October 19


The Magic of the ABCs by Michelle Blanchard Ardillo

Can you actually remember learning to read? Can you remember the sheer magic of decoding the strange marks on a piece of paper or a page of a book? I don’t exactly remember it either, but I have been fortunate enough to experience it through the eyes of others.

As a former middle school English teacher, I helped people read for a living. Yes, even at that level, some are struggling with this skill that fluent readers take for granted.

At my school, I used to sit with the second-grade class at our weekly school Mass. The first few Masses of each school year are spent getting them used to being in church without their parents, and for some, just getting them used to being in church. What struck me like a lightning bolt, however, is their frenzied activity claiming a book to follow the parts of the Mass and finding the right page.  They seem almost desperate to read, to follow with their chubby little fingers each and every word of the prayers we say, the hymns we sing. It was a joy to watch them grow each week in their ability to do this simple thing that we take for granted, what you are doing right now, reading.

The story goes that I started reading at a very early age, long before kindergarten. I was an only child until I was four and my father worked nights in the oil fields of Louisiana. My mom was often alone with me, reading to me Golden Book after Golden Book, talking to me as though I was an adult, and helping me to write a note to my dad every night before I went to bed. While I cherish my memories of my high school’s librarian, who encouraged my love for literature, it was my mother who gave me my most treasured possession, literacy.

As much as I love cooking and baking, as thrilled as I am going to the theatre to see a play or musical, as many hours as I can sit watching a Columbo marathon while knitting, reading is my greatest pleasure. I love reading more than eating, and that is really saying something. I love just about everything there is about reading: going to the library and wandering endlessly up and down the aisles, scanning the new arrivals shelves for something interesting the way some women flip through the hangers of new tops or dresses in a store at the mall. I love searching for a book in the online catalog; but, oh, how I used to love the card catalog at my hometown public library. I just loved flipping the little cards back and forth in their tray, scribbling down the call numbers, and going off on the hunt to find the book. I love using the internet to read about books, like the popular blog Modern Mrs. Darcy, or scrolling through photos on Instagram accounts like @topshelftext and others using the popular #bookstagram. My favorite book podcast is What Should I Read Next; its Anne Bogel I have to blame for my overloaded Kindle and mind-boggling TBR list. The quickest way to cure me of a bad mood is a trip to my two local used bookstores, both conveniently (and wallet-drainingly) located within three miles of my house.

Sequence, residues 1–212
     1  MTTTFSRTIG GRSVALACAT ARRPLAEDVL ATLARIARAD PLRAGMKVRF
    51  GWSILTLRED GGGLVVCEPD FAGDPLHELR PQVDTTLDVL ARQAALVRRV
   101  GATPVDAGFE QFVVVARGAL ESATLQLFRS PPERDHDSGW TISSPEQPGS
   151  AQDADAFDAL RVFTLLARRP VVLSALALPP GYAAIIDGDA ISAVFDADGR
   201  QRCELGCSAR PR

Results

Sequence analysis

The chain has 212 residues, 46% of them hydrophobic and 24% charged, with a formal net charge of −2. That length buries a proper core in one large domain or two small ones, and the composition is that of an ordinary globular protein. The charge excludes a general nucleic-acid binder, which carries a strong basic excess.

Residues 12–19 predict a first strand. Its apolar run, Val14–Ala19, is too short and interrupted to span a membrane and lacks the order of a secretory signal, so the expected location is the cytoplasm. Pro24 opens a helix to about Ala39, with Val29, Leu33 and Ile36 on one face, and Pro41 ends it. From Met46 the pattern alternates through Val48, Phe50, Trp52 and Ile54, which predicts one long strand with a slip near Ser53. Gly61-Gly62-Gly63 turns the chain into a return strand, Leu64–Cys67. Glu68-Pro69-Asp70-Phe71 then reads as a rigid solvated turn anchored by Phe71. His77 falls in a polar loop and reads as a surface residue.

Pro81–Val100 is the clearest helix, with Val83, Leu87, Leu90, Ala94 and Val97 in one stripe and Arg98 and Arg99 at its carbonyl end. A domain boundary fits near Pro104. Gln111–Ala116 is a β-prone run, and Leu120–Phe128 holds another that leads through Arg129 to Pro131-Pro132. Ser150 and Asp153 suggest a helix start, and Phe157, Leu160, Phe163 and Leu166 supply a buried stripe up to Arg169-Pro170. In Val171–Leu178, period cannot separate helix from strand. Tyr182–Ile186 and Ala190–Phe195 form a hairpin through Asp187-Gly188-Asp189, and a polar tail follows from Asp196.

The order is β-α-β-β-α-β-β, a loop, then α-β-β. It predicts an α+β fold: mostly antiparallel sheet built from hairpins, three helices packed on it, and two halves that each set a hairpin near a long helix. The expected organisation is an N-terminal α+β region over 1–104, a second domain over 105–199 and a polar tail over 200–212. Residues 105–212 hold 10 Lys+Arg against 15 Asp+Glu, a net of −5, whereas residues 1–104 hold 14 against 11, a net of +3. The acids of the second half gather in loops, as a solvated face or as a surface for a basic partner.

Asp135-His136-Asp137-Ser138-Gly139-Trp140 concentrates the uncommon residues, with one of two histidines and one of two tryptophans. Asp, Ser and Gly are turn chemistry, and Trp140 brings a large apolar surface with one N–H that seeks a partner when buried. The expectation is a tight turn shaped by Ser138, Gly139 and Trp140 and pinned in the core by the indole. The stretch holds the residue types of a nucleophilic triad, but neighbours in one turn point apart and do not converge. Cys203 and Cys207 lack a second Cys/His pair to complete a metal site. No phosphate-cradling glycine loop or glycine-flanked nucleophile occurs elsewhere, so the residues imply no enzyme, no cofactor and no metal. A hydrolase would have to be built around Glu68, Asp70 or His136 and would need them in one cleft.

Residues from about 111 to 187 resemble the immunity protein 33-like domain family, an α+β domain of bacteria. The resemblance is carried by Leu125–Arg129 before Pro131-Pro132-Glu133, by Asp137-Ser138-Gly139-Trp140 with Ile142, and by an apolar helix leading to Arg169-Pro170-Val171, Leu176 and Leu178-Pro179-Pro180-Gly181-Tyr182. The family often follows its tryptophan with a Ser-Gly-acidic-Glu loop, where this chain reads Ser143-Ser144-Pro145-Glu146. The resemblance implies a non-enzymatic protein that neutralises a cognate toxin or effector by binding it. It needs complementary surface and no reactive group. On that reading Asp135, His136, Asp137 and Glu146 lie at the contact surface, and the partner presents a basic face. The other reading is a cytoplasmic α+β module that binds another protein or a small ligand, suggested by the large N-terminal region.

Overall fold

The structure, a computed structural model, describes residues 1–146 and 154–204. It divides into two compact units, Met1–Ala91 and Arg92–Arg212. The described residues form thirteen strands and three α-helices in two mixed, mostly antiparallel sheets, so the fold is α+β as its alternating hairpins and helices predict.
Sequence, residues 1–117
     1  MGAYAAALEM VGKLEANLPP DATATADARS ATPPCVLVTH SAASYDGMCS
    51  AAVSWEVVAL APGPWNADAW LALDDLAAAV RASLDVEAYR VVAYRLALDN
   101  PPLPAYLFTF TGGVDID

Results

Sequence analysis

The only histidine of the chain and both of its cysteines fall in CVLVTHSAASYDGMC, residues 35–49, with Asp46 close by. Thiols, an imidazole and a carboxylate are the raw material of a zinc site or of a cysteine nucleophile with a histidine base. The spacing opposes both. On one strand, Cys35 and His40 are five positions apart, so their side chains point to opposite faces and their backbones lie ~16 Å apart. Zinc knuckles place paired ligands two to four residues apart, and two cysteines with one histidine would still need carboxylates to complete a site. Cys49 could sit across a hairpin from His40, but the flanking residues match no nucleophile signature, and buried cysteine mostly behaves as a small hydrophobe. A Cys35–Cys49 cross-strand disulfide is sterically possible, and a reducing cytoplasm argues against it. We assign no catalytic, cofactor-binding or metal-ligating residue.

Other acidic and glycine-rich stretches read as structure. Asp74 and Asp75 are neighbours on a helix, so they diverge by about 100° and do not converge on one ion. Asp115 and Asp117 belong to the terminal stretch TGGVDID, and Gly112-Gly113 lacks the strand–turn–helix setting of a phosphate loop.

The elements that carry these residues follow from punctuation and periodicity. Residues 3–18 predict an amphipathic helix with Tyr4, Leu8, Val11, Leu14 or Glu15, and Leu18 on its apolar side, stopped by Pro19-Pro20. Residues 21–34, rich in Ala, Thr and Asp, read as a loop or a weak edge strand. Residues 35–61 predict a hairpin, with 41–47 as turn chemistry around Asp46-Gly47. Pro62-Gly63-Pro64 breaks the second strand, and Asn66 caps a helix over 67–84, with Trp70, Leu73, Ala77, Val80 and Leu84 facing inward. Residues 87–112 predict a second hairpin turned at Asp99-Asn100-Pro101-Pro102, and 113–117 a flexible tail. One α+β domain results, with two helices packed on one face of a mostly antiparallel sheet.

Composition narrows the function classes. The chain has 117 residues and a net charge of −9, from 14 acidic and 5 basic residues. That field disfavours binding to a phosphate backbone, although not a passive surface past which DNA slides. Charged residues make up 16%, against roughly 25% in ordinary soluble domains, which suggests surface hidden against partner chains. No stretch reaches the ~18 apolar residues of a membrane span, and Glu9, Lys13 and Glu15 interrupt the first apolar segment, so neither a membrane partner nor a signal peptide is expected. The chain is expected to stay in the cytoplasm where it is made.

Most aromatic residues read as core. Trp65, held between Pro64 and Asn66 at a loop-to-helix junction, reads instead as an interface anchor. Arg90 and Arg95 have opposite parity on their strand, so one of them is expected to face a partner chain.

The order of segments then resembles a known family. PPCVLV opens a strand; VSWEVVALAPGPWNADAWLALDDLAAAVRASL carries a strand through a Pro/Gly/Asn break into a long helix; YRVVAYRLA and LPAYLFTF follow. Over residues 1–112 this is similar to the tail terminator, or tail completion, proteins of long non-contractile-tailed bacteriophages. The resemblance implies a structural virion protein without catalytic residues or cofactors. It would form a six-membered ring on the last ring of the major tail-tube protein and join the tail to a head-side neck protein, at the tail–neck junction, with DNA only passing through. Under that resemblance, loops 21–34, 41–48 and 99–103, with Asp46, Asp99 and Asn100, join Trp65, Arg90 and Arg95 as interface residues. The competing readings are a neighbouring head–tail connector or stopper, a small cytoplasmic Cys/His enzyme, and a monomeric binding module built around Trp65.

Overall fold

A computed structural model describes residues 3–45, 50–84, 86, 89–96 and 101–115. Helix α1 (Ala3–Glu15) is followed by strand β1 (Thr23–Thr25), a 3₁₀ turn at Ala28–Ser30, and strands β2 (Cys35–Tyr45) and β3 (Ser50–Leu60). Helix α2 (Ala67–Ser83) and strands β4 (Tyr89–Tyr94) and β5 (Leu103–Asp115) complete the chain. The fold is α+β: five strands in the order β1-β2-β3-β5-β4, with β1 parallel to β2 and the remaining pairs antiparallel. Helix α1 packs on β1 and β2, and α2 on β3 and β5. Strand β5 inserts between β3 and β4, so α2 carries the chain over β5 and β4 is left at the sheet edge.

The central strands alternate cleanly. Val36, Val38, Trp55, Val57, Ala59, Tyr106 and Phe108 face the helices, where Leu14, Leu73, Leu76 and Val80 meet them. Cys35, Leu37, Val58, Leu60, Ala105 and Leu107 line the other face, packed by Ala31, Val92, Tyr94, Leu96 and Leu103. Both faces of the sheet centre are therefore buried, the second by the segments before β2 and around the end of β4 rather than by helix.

So, what is it like to not be able to read? This is something I can’t quite fathom. We take this simple skill for granted, yet, for thirteen years in my literature classroom, I listened to middle school tweens and teens struggling to read aloud fluently. I would stop after reading to them a few paragraphs of a short story or novel to ask, “So, what’s going on?” only to get blank stares in response. Why do some of us love to read and others utterly detest it? Is it because the magic of the ABCs has not happened to them? Is it too much work? Are they spoiled from the instant gratification of digital screens and video games?